Copy "Cross-Section of a Rainforest" and "Rainforest Inhabitants" PLT p.165,166, bulletin-board paper for tree, paper, markers, pictures of rain forest animals

    Procedures:

    1. Read The Great Kapok Tree by Lynne Cherry.
    2. a. Compare the inhabitants of tropical rain forests with temperate rain forests.
      b. Write a story about the inhabitants of a temperate rain forest (e.g., "The Great Sequoia Tree").
    3. Do activity "The Great Kapok Tree" UNITES V2 (3) p. 28.
    4. Copy "Cross-Section of a Rainforest" and "Rainforest Inhabitants" PLT p.165,166.
    5. Construct a bulletin-board paper tree chart of animals in a Kapok tree.
    6. Use The Great Kapok Tree to place animals at the correct levels (emergent, canopy, under story, forest floor) of the tree.
    7. Research rain forest inhabitants and measures taken to protect specific species.
    Evaluation:
    Assess student ability to transfer information from survival of tropical rain forest species to temperate rain forest species.

    SOL:

  • Science:
  • 3.1 Plan and conduct investigations
    3.10 Study survival of a species
  • Math:
  • 3.14 Estimate and use actual measuring devices
    3.21 Collect data and construct a bar graph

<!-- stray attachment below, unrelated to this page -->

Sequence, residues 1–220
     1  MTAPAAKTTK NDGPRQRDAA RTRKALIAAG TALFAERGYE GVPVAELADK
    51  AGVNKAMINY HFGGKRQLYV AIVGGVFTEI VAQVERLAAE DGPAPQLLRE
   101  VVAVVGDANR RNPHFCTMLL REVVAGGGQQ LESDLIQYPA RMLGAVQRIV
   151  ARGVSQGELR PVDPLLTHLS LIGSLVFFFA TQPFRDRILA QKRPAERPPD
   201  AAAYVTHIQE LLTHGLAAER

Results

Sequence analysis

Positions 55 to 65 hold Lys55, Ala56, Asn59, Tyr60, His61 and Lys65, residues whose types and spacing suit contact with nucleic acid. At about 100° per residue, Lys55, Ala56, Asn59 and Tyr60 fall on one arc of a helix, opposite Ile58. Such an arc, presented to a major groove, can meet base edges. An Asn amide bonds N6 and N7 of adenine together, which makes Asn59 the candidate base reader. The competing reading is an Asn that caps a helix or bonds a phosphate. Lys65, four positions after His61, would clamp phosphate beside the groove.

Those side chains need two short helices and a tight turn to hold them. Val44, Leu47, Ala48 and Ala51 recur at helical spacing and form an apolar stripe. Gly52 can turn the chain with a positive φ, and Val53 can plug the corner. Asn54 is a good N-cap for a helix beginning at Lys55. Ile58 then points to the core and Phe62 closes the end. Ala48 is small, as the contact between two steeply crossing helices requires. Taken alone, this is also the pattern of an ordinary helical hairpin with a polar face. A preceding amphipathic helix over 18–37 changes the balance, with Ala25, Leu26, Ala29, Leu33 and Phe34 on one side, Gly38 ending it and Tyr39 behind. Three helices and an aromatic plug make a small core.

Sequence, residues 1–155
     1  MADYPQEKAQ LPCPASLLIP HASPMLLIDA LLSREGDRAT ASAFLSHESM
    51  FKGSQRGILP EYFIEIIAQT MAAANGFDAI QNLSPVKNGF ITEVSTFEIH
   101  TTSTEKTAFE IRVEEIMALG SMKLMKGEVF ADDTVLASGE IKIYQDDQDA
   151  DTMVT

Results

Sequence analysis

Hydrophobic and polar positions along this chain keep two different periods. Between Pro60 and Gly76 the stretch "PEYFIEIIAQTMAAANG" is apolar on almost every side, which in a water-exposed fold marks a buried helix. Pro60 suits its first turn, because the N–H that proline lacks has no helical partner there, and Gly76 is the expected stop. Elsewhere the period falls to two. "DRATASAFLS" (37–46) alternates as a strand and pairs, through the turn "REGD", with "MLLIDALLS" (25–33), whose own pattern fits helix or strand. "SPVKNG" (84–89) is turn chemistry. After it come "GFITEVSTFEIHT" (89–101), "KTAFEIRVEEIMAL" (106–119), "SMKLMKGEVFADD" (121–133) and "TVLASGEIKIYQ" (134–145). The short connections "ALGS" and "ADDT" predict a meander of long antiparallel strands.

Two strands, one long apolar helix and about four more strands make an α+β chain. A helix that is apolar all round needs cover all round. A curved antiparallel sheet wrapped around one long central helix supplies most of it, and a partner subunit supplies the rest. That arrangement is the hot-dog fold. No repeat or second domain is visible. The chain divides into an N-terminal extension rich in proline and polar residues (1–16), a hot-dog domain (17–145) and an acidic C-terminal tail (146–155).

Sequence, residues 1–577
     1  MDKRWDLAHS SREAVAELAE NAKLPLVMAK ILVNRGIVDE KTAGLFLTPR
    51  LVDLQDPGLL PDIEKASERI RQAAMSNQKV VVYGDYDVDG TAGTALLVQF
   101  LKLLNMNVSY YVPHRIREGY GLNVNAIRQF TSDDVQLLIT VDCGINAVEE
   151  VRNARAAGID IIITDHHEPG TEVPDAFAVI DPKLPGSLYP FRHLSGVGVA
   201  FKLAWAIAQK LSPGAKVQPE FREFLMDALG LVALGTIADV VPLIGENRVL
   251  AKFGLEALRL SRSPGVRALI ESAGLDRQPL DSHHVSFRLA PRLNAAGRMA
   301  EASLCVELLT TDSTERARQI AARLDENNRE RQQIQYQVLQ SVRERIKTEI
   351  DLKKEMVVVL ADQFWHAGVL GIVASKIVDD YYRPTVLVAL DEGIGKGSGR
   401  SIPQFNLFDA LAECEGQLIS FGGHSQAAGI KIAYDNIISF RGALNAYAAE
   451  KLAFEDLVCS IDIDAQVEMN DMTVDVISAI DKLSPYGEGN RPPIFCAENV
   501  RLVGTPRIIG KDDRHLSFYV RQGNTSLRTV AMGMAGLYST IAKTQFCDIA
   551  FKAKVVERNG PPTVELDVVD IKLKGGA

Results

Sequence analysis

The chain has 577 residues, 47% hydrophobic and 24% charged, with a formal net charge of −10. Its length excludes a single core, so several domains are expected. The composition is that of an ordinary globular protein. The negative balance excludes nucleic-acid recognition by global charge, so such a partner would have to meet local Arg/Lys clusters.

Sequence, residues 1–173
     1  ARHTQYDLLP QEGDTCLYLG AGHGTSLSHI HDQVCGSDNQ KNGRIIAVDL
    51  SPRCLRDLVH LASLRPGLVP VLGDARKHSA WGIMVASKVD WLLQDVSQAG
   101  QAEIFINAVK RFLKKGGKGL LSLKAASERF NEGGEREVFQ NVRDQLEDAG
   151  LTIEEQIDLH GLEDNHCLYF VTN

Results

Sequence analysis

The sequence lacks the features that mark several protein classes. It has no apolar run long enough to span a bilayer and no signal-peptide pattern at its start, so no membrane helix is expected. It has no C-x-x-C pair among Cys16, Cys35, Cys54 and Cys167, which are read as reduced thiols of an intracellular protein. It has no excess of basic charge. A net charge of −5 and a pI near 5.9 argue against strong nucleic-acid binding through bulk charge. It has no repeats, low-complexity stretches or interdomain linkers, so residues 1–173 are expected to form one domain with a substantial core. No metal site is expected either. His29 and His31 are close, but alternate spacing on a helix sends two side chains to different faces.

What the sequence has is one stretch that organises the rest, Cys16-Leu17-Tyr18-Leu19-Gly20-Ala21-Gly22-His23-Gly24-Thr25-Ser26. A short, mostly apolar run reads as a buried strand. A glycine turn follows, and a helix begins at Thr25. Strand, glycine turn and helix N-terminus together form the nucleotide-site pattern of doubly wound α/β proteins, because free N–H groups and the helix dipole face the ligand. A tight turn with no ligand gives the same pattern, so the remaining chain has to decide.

3.22 Read and interpret data represented in graphs
  • English:
  • Oral Language:
    3.1 Use communication skills in group activities
    Reading/Literature:
    3.4 Use strategies to read a variety of printed materials
    3.5 Demonstrate comprehension of a variety materials
    Writing:
    3.7 Write descriptive paragraphs
    Research:
    3.10 Record information from resources
    Return to Lesson Index

    Lesson 14: Survival of Species

    Brazilian Rainforest

    Objective:
    Students will investigate and understand efforts taken to save the rain forests from destruction.

    Materials:
    Newsprint, magazine cut-outs of rain forest plant and animals, glue, scissors

    Procedures:

    1. Read One Day in the Tropical Rain Forest by Jean Craighead George.